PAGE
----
I come back to the Air Force Academy because, right now, the United States is fighting a global war that is an 'away game' in Iraq - taking the fight to the terrorists. And whether or not we think the terrorists were in Iraq before our invasion, they are unquestionably there now. And if there is any doubt as to whether this is a global war, just ask the people in Amman, in London, in Madrid, in Casablanca, in Riyadh, and in Bali. This war must remain an away game because we have seen what happens when it becomes a home game...

I come back to the Academy because I want to be a part of that fight.

I come back to the Academy because I don't want my vacationing family to board a bus in Paris that gets blown away by someone who thinks that it would be a good idea to convert the Western world to Islam.

I come back to the Academy because I don't want the woman I love to be the one who dials her last frantic cell phone call while huddled in the back of an airliner with a hundred other people seconds away from slamming into the Capitol building.

I come back to the Academy because during my freshman year of high school I sat in a geometry class and watched nineteen terrorists change the course of history live on television. For the first time, every class currently at a U.S. Service Academy made the decision to join after the 2001 terror attacks. Some have said that the U.S. invasion of Iraq and Afghanistan only created more terrorists... I say that the attacks of September 11th, 2001 created an untold more number of American soldiers; I go to school with 4,000 of them. And that's worth more than missing more than a few frat parties.

Joseph R. Tomczak, Cadet, Fourth Class, USAFA

The above was verified by Mike McGrath, who wrote on another net: “I am so skeptical of stuff that comes in that I usually check to see if it is Internet myth. I am sponsoring a plebe at the USAFA. And I checked with him to see if a classmate of his wrote the essay about why they returned from Christmas to the cold dark halls of the imperial palace. Here is his reply:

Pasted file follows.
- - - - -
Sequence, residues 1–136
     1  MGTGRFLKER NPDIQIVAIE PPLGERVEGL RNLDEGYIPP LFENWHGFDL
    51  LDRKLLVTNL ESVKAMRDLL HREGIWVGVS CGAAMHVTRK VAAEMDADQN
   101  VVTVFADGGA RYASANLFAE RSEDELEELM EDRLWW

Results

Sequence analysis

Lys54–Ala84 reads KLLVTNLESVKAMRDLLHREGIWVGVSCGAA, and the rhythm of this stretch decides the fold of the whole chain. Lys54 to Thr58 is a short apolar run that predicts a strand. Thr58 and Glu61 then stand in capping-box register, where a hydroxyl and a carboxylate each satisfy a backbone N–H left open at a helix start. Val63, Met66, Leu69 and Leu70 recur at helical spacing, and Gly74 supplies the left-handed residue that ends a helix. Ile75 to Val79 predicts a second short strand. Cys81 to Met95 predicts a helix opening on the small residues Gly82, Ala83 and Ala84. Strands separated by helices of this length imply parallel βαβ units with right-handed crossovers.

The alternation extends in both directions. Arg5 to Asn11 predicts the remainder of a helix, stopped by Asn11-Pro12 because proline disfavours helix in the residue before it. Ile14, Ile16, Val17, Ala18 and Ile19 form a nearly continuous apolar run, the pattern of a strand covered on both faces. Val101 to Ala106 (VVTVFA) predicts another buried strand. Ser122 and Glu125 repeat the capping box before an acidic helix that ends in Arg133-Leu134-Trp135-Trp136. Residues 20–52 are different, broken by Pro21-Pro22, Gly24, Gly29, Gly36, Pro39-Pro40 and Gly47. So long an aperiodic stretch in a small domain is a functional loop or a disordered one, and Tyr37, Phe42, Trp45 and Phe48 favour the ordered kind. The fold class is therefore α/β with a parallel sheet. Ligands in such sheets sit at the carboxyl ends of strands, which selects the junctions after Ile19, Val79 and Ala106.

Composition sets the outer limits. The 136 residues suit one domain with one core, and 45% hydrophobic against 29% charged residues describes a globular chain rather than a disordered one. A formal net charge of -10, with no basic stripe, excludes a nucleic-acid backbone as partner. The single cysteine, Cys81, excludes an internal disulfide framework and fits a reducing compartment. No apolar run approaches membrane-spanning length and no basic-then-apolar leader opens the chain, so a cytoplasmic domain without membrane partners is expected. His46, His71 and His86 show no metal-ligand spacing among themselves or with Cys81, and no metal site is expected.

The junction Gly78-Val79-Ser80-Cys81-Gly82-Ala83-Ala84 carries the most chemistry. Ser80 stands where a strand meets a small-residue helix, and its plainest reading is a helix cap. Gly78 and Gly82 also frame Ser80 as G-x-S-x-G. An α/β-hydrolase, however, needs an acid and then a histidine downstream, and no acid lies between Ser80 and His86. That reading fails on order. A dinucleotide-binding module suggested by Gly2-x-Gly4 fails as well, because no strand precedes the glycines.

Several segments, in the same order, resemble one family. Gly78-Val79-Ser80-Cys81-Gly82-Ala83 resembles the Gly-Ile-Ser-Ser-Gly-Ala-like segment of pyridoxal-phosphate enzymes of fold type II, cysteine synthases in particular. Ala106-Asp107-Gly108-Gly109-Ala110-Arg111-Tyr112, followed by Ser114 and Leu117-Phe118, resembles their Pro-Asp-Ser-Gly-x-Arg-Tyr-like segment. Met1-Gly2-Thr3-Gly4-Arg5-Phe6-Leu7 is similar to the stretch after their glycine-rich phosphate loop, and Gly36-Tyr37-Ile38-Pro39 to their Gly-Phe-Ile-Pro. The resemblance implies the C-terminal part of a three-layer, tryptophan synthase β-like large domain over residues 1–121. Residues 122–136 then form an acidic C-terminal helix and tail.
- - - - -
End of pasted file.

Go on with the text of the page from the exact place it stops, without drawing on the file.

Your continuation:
"The guy who wrote the paper is real. I have heard about his legendary essay but this is the first time I've read it. Apparently this essay has gone pretty high up in the Air Force Chain of Command. My mom has already read the essay. I don't know where exactly she read it." Mike

[End of the email]

UPDATE: The essay in the email is quoted on the Association of Graduates USAFA website.

UPDATE2: Colorado Senator Wayne Allard read Cadet Tomczak's essay into the Congressional Record, and on 28 April 2006, presented Tomczak with a framed copy of his essay during a Board of Visitors meeting at the Academy.


Blogger Garry Wilmore said...

This was the best thing I have read anywhere in quite some time, and I am going to provide a link to it later today in my own blog so it can be disseminated even further.

It is indeed reassuring that this country continues to produce people like this young man. I get tired, by the way, of listening to all the whining in the media about the number of our casualties in Iraq, not because I don't believe the losses are tragic, but because the endless drumbeat about them plays into the hands of the terrorists, and represents a conspicuous lack of historical perspective as well. We have about 2500 dead in this war as of today, but that is over the course of three years, and is the equivalent of about ten days' average losses during World War II. And back then, we had less than half the population we have today. Why could we sustain more than 400,000 dead in that war, then find ourselves blanching over the 2500 dead in this one?

8:29 AM